With the Kolo album, you can get pages that you can print directly on. My printer doesn't cooperate, but maybe yours does. I print my images on Epson Ultra Premium Photo Paper Luster and mount it on the portfolio pages using StudioTac. Tracy also introduced me to StudioTac. I use the low tack version so that I am able to reposition things if necessary. It's so easy to use! You just put your image on it, burnish over the image, then adhere it to the page in your portfolio.

I wanted my name on the portfolio, so here's what I used as page one.

I consulted this post by Molly Idle to figure out the look of my portfolio. I like that she's creating a portfolio that feels like a real book.

Thursday, April 11, 2013

Tools for organizing your dummy

Creating a book dummy can be a daunting process. I welcome anything that makes it easier! I've found that InDesign by Adobe is the perfect tool for a project this size.

There are lots of other articles on creating dummies. Here, I just want to give you a peak at how I use InDesign in my process.

First, open a new document:

Drag to add pages in the Pages palette to your document.

I scan in my thumbnails, place them on the pages and adjust the size to fit the page.

Using InDesign allows me to then print out thumbnails of the entire dummy on one or two pages. This makes it easy to figure out text placement, flow, page turns, etc. I love this feature! It saves tons of time for me. I print at the 4x4 size which gets the whole dummy on two pages.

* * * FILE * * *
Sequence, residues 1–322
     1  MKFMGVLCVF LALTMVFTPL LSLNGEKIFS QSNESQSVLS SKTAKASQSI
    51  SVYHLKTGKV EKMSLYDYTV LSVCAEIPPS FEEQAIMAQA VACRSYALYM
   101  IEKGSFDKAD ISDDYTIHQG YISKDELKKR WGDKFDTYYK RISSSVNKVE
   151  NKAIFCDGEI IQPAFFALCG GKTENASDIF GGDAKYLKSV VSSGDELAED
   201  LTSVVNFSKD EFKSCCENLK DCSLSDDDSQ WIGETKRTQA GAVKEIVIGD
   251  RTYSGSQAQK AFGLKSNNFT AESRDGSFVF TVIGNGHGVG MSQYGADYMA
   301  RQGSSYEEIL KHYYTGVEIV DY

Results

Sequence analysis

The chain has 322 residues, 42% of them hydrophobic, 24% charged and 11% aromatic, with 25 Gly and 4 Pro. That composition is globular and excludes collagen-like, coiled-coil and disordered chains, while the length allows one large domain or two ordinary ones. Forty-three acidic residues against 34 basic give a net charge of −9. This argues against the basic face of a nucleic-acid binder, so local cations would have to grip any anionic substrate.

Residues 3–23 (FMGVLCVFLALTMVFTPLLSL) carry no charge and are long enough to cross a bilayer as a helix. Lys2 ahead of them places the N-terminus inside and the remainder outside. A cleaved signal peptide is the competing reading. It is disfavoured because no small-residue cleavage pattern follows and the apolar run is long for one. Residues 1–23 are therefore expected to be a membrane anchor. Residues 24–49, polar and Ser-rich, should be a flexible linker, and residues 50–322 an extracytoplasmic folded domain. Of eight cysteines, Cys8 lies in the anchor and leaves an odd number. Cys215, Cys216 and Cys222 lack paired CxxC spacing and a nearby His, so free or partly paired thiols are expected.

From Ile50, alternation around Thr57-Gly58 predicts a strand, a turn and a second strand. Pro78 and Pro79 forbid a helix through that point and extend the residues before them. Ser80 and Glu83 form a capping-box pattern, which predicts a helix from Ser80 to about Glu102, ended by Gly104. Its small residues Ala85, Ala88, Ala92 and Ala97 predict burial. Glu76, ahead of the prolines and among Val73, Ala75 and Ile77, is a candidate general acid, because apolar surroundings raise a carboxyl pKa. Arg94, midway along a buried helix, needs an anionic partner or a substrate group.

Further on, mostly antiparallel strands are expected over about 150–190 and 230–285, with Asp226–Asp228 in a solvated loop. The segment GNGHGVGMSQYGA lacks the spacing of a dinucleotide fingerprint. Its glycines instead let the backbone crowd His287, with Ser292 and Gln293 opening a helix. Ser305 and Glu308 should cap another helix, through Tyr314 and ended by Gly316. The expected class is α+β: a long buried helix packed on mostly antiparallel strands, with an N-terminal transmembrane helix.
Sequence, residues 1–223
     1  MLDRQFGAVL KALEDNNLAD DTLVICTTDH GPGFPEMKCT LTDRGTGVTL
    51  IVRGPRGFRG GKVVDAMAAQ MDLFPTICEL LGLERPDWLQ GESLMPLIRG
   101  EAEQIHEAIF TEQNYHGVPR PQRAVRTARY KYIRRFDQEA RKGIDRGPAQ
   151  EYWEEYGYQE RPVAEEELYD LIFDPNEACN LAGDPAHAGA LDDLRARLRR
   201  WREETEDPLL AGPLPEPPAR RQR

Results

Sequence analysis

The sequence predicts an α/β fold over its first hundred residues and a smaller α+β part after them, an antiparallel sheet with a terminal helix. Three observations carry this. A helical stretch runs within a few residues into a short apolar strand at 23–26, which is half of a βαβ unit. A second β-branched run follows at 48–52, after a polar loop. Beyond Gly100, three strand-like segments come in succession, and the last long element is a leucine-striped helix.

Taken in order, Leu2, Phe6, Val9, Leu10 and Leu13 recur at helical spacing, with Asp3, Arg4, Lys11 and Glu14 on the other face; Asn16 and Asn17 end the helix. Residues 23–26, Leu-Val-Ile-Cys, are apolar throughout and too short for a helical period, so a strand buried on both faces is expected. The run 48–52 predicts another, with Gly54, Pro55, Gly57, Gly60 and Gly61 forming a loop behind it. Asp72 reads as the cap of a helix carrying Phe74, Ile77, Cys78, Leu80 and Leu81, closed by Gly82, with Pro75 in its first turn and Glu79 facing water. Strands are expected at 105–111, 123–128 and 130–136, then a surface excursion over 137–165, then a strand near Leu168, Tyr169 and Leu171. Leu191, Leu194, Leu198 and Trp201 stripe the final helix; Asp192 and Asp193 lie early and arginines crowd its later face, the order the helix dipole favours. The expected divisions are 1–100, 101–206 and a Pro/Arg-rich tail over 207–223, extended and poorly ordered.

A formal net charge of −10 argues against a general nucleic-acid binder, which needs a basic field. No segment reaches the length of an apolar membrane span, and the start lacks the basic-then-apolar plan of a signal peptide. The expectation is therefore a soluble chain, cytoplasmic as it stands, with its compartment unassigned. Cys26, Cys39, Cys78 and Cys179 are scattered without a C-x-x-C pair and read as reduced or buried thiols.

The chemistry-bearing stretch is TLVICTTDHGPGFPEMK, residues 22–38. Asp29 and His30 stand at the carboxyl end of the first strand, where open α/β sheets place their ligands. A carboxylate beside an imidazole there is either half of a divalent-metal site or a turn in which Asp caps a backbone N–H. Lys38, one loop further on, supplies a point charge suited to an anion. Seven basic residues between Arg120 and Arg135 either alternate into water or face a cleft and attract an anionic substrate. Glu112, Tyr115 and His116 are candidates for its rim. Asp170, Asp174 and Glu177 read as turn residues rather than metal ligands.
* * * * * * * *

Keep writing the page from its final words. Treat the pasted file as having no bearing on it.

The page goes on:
I also use it as a to do list of sorts to track my progress on a project. I check it off page by page as I work. As I complete more finished drawings, I replace the roughs. Later, when I'm painting, I scan and add each page as I go. It gives me a great sense of accomplishment as I see the finished pages multiplying and the book really coming together. 

As I'm working my way through more finished drawings, I replace the roughs. Later, when I'm painting, I scan and add each completed page to the dummy in InDesign as I go. It gives me a great sense of accomplishment as I see the finished pages multiplying and the book really coming together.

Don't be afraid of using InDesign. This is a very basic usage of it that anyone can handle. I'm using CS6, but older versions work just as well. I hope this helps you on your next project. In a future post, I share how I use this program to plan my physical portfolio.